Scalability a top priority for cloud adoption
Subscribe now for $100 (23 issues) and save more than 37% off the cover price!
Get the latest news from Computerworld delivered via email.
Sign up now
Concerns around cloud computing seem to be diminishing, as scalability becomes the top priority for many users spoken to by Computerworld for this special feature on cloud computing.
Software-as-a-service startup Unleashed Software was set on global expansion from the get-go. Founded in Auckland in 2009 by Greg Murphy, the company now has users in around 50 countries, according to CEO Gareth Berry.
Unleashed Software offers online inventory tools, primarily for business-to-business traders, says Berry. The system integrates with several other online business components, such as Xero’s accounting system and the Magento e-commerce platform, he says.
In addition to the Auckland office, which is based at Massey University, Murphy is currently heading up an office in Silicon Valley and Berry is in the process of setting up a Melbourne office.
“We are nine staff now and looking for another three this week,” he says.
The company first went looking for a hosting provider at the end of 2009.
“We decided to go for a local cloud solution to begin with, primarily because we were a young company,” Berry says.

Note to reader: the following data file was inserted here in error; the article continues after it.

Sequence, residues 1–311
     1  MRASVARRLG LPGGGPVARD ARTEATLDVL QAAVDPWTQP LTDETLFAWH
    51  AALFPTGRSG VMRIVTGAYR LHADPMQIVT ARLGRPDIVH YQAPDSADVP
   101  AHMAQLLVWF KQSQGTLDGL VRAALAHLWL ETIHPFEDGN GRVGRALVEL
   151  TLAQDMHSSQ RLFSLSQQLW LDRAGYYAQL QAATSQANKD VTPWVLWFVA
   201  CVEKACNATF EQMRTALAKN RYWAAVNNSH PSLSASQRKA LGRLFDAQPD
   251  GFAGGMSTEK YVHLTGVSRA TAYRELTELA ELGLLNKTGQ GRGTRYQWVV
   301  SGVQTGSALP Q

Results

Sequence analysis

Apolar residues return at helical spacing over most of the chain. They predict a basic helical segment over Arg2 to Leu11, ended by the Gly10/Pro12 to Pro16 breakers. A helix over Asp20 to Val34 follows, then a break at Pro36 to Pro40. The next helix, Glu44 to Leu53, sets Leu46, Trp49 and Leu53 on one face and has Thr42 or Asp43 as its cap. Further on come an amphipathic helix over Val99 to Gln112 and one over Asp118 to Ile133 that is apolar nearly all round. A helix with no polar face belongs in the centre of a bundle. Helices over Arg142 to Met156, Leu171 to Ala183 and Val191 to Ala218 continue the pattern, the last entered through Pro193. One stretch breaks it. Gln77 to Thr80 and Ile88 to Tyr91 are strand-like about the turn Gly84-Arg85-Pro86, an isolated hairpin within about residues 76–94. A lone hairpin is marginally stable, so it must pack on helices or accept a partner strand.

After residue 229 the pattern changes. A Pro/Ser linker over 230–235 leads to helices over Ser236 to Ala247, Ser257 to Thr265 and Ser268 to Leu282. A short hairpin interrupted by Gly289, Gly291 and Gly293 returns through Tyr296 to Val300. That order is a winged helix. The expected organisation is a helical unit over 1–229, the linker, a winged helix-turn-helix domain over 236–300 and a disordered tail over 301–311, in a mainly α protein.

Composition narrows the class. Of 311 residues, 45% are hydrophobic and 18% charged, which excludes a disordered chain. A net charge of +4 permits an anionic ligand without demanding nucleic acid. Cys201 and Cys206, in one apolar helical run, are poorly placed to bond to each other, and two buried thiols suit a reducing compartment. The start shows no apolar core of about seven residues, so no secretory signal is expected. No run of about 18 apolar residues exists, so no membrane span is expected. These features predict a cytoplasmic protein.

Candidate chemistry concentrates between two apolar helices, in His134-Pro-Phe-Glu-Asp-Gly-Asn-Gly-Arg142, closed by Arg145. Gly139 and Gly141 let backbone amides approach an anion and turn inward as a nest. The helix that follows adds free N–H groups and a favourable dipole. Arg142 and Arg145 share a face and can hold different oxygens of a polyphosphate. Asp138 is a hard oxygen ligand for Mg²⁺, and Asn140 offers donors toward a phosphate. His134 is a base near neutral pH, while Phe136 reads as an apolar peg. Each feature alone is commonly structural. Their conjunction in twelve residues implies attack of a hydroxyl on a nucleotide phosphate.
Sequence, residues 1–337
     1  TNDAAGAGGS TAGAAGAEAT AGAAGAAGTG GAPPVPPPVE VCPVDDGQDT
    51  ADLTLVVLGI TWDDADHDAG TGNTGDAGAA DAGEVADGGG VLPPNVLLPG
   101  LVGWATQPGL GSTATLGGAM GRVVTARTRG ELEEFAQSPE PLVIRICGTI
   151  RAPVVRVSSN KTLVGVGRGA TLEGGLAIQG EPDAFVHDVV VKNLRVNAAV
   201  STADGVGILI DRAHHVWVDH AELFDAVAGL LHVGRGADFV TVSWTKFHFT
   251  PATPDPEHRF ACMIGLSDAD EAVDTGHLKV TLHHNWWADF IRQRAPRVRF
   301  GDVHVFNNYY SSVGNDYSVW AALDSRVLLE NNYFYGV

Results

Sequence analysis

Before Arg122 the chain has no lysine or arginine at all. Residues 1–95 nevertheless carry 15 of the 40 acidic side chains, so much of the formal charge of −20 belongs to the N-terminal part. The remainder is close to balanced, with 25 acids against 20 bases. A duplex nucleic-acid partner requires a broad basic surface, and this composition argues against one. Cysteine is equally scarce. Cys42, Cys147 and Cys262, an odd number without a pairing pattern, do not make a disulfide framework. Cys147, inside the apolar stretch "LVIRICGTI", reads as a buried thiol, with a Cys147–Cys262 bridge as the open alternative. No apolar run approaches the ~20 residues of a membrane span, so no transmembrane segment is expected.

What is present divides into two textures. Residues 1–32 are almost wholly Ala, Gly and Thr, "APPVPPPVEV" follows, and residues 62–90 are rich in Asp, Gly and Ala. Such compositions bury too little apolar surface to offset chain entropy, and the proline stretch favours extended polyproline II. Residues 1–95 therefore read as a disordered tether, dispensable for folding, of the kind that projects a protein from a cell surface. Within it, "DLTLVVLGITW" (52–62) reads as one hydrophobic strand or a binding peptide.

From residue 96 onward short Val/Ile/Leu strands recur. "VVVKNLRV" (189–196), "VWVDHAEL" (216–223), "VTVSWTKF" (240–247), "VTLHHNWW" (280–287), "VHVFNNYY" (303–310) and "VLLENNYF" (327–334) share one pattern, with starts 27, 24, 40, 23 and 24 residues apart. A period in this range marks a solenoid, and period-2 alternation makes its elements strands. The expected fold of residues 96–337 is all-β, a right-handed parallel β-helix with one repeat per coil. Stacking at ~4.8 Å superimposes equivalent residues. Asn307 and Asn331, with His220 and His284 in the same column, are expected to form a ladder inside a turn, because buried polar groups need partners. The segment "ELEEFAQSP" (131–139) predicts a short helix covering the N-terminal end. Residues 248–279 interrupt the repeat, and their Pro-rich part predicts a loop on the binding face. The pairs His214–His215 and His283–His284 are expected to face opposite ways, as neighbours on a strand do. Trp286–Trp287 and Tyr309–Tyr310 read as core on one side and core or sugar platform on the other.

Back then, SaaS was still very new and there was a perception of a lot of risk surrounding it.
“We thought we could manage our risks better if we had a local provider rather than international.”
The company decided to go with local datacentre provider Maxnet for a couple of reasons – the specialised engineers; the scalability offered and the fact that Maxnet was already hosting enterprise customers in its datacentre, Berry says. He adds there is a lot of trust in the relationship.
“In the two and a half years we have been [with Maxnet] we’ve had no more than 20 minutes of downtime,” he says.
“If Maxnet goes down, I’ll have a thousand phone calls instantly. The businesses that are using Unleashed cannot afford to have the software down for any length of time at all. It’s mission-critical that our software is always online.”
But scalability is the number one benefit, he says.
“Obviously when we started, we didn’t have a big budget. We were asking Maxnet for enterprise tools for a small cost, and they came to the party. As we’ve grown, so has the solution, and we pay a lot more now than when we first started,” he adds with a smile.
The next step for Unleashed Software is to offer more data services to overseas customers – from overseas datacentres.
“We need to provide a better and more local service to our European and North American customers,” Berry says.
If you are looking to build a growing, global business, having your own servers, or even a co-location solution, won’t cut it, “because it’s not scalable enough”, he says.
“We are not hardware experts, we are software experts. We need to bear in mind to stick to what we are good at.”
Also consider your platform options, he says. Amazon, for example, is highly available, but expanding on it could end up more expensive than envisaged.
Survey: Cloud innovation
According to a recent IBM survey, local IT managers see cloud computing as an enabler of innovation within IT departments. Horizon Research conducted the survey of 119 IT managers from organisations of varying size across the country.